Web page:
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Journaling During a Pandemic: Then and Now

While the coronavirus pandemic may seem unprecedented to those of us in the midst of it, it’s not the first time a virus has consumed the nation and caused widespread shutdowns and loss of life. The Spanish Influenza of 1918 provides us with a fascinating parallel and historians are turning to personal narratives of the time to reflect and compare with present-day circumstances. Can looking to the past bring comfort or insight into our current predicament, and what sort of benefits does the act of journaling have in the midst of historic times?

Smithsonian Magazine is just one of many publications examining writings from 1918. In this article several diary entries from varied perspectives are included, such as:

 It was announced in the papers tonight that all churches, shows and schools would be closed until further notice, to prevent Spanish influenza from spreading. Good idea? I’ll say it is! So will every other school kid, I calculate. … The only cloud in my sky is that the [School] Board will add the missed days on to the end of the term.

I recommend giving the article a thorough read, as it details writings from people from all ages and walks of life. Some entries focus on the mundane and day to day, while others hone in specifically on the pandemic, the symptoms, the names of the dead and the state of the nation. Much like our own existence, theirs was a time of confusion and duality, the balance between life goes on and so many people are dying every day.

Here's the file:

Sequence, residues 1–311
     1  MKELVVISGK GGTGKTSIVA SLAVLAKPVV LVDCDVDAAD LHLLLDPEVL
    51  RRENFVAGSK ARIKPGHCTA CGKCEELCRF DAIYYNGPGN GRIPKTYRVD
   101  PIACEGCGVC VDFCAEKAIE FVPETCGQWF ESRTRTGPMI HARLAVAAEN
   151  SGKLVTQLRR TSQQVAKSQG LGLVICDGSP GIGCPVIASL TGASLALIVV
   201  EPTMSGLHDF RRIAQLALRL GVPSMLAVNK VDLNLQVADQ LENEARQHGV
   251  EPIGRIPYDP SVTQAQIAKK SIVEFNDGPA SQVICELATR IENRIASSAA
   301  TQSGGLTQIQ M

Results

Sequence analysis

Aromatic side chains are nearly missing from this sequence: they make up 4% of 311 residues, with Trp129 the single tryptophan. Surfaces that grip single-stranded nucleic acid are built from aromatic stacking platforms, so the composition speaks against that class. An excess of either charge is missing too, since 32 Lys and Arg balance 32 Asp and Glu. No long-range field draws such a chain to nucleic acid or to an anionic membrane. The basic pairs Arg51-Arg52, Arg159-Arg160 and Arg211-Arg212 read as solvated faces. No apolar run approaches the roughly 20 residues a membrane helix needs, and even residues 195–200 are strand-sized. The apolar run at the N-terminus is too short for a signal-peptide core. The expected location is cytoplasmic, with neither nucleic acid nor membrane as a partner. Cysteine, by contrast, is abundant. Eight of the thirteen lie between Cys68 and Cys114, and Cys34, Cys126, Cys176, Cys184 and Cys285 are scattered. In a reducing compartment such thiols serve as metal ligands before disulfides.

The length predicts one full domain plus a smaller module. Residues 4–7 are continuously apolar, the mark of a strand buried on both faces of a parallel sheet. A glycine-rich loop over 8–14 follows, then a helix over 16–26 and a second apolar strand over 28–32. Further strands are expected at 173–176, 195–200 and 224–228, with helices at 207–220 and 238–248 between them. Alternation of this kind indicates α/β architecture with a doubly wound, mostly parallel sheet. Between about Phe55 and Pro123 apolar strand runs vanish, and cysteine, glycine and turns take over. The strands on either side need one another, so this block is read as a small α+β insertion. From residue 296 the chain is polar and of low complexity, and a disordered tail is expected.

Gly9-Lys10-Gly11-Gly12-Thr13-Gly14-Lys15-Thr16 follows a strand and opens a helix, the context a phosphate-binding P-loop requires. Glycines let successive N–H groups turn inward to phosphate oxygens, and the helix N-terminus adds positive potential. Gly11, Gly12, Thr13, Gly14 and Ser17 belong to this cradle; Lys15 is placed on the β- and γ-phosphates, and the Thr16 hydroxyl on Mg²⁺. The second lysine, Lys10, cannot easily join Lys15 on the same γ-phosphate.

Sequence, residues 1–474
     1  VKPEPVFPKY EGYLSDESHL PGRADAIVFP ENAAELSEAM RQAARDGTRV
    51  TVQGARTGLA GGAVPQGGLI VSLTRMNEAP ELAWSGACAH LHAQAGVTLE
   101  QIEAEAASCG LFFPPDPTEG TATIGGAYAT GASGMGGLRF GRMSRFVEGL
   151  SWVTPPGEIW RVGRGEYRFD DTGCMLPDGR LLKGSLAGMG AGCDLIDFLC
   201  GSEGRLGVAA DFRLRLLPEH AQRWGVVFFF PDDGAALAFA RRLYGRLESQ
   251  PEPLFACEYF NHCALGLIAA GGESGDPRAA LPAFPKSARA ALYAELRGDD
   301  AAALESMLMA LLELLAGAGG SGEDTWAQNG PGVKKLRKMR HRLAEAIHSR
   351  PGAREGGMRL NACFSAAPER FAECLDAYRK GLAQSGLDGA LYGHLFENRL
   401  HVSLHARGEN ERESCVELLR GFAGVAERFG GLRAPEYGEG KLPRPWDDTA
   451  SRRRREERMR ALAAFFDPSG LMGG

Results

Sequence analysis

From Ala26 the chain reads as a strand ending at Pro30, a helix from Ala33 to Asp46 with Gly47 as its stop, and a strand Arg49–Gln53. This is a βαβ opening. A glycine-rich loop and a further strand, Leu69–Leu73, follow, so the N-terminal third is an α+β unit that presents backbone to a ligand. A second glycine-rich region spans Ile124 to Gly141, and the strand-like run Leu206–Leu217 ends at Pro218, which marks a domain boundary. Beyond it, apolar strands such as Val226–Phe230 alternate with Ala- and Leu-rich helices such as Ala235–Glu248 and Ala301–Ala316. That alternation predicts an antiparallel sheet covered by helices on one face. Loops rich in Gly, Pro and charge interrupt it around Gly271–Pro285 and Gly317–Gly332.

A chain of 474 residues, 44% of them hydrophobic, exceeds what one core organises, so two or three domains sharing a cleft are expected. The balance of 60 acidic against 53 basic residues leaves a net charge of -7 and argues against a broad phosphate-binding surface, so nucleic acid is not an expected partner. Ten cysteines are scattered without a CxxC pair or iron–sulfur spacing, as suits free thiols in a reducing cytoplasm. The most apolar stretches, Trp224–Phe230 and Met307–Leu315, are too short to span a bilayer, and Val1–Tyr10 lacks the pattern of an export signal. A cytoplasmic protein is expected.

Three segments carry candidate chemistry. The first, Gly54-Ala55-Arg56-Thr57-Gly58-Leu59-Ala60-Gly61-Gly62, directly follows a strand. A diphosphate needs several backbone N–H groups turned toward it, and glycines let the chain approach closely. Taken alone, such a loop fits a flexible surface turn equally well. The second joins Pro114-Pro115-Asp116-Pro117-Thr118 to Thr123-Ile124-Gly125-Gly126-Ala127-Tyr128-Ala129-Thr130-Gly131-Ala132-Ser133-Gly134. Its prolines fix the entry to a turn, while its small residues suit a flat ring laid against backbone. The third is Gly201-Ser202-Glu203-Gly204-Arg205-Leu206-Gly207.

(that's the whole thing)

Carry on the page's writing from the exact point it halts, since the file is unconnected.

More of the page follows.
The Online Archive of California also presents a fantastic resource for reading letters and diaries themed around the 1918 Spanish Flu. Here you can find first-hand accounts from more than forty individuals, with entries such as:

There are an awfull lot of people dying just now on account of the flu. A little girl next door was buried today and theres a lady up the street a ways that is pretty sick and my little sister is just getting over it, so I guess it is pretty near my turn for every one in our family has had it but me.

For me, one of the rewarding elements of accessing these writings is the permission it gives me to write freely during this time. While many of the letters and entries mention the pandemic, there are others sprinkled with bits of gossip, details of daily chores, comments on the weather. It has been recommended by others (including in the articles linked within this post), but I’ll reiterate it here: there’s no need to write exclusively about the “big picture” events. Living through historic times doesn’t invalidate the experiences that carry over from before the “new normal.” In fact, it is as much in the simple moments as it is the grandiose ones that we unveil the truths of our lives, or times, and ourselves.

Below I’ve included a list of ten prompts I’ve brainstormed to jumpstart your journal entries. Happy writing, and be well.

  1. Grocery shopping during a pandemic is its own unique struggle! Write out a list of your latest shopping items to reflect on later. Why did you buy those items? What’s essential? What’s for fun?
  2. List out ten things you’re grateful for today.
  3. Write about one funny or unexpected thing that happened today.
  4. Take one headline from the news today and use it as the title for a poem.
  5. Stuck in your house more than ever? Describe one space within your home that you enjoy. What objects stand out? Are there textures that are pleasing to the touch or eye? Be descriptive.
  6. Review one show or movie you’ve watched during this time.
  7. If you could give advice to yourself back at the start of the pandemic, what would it entail? Write a letter to your past self for this entry.
  8. More than ever, maintaining a sense of connection to our loved ones can be challenging. For this entry, write about one person you miss spending time with and describe the closeness you share with them.
  9. We’ve all made sacrifices and there are things we’ve all missed out on due to the pandemic. Brainstorm some things you’d like to do when it becomes an option again, such as attending a concert, or hosting a party. Indulge in a little bit of hopefulness!
  10. Have you or someone you love been directly affected by the coronavirus? Describe that experience and allow yourself to process the emotions around that in a journal entry.


Archive, The River

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